The second finding is related to the challenges that continue to impede the work of youth CSOs in SN, including : 1) the lack of pedagogical and financial resources; 2) restrictive legal framework which govern the work of associations; 3) difficult access to EU and foreign funding allocated to large and old associations.The third revealing indicator is related to the agility and responsiveness of youth CSOs in the SN. Despite the challenges, these organizations are flexible, resilient and swift to adapt to abrupt conditions as was seen during the COVID-19 pandemic and its restrictive measures imposed by local authorities. Finally, the fourth finding revealed that these organizations welcome the EU renewed Agenda for the Mediterranean (2021-2027), and maintain high hopes in its objectives, actions and expected outcomes, especially on the future of the youth in the region. Surprisingly, although all of the study’s participants reported being aware of the renewal of the AA, the majority did not know its content, objectives or proposed actions. Therefore, there is a need for a wide regional promotion and media-campaigns about the agenda in the region through the EU regional delegation and national offices’ representatives.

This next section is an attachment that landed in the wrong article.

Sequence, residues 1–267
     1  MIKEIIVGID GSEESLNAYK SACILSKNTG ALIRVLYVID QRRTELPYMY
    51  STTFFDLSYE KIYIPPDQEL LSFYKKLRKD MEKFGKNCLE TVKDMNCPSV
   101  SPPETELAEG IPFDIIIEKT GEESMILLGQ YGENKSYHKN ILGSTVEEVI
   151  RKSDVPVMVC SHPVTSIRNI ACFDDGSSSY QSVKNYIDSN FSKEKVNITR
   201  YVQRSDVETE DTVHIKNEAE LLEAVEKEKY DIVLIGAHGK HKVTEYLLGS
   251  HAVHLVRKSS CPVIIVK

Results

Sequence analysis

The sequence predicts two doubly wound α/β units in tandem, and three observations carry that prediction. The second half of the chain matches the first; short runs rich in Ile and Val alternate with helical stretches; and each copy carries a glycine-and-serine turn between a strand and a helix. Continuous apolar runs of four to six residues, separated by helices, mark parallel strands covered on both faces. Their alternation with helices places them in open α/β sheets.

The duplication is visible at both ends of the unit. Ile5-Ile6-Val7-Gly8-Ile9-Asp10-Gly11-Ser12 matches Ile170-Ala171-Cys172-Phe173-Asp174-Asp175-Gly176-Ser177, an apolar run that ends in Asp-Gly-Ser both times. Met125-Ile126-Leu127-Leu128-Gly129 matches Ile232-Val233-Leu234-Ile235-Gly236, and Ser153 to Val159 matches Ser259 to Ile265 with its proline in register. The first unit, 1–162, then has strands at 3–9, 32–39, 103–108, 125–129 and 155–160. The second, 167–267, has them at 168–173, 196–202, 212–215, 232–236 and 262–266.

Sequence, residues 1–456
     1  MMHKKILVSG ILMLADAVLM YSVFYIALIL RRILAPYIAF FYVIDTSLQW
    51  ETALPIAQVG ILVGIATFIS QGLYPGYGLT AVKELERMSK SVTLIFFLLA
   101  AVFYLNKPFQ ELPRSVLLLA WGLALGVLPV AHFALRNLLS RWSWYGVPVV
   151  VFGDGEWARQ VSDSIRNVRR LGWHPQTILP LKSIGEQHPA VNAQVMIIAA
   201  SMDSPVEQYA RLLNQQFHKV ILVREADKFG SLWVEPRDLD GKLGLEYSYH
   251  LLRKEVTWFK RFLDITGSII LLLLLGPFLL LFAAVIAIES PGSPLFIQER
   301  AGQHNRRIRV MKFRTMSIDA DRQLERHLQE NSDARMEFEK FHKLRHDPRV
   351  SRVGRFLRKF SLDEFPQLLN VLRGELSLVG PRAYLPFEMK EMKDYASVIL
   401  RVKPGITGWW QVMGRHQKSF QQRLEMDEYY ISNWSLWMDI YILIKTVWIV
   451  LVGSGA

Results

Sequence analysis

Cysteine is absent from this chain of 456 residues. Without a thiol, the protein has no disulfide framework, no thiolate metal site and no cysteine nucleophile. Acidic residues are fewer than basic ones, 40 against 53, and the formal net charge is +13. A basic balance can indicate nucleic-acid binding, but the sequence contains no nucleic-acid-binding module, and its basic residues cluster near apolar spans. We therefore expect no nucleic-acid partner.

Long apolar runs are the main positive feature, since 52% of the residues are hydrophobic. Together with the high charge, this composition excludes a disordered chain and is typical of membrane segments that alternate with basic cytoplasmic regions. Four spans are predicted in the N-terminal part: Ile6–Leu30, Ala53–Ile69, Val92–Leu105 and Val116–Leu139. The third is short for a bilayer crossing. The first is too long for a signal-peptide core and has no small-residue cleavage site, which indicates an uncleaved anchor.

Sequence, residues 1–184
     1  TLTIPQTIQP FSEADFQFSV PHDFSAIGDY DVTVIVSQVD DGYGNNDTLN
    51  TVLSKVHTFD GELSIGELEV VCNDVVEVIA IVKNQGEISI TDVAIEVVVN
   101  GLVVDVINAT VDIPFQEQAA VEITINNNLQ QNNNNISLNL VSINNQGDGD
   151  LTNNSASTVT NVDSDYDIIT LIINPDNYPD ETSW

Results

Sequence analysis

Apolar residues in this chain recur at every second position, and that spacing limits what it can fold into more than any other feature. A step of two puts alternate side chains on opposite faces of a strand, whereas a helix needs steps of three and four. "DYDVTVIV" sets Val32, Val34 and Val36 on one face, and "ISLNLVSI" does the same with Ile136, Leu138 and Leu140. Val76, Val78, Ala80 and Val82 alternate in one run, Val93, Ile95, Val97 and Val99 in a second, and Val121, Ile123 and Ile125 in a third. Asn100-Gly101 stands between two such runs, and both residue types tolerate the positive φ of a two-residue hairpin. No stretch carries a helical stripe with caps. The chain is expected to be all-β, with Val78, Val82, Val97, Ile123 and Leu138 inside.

The findings of the research have been translated into a tangible recommendation and operational action plan, proposing the design and implementation of a youth space for dialogue as a regional mechanism for the youth CSOs and youth representatives with national and European institutions, with periodically specific goals and objectives, clear implementation agenda, and identified stakeholders; and in which young people will participate actively in forging priorities in a way that would have direct impact on youth in the region.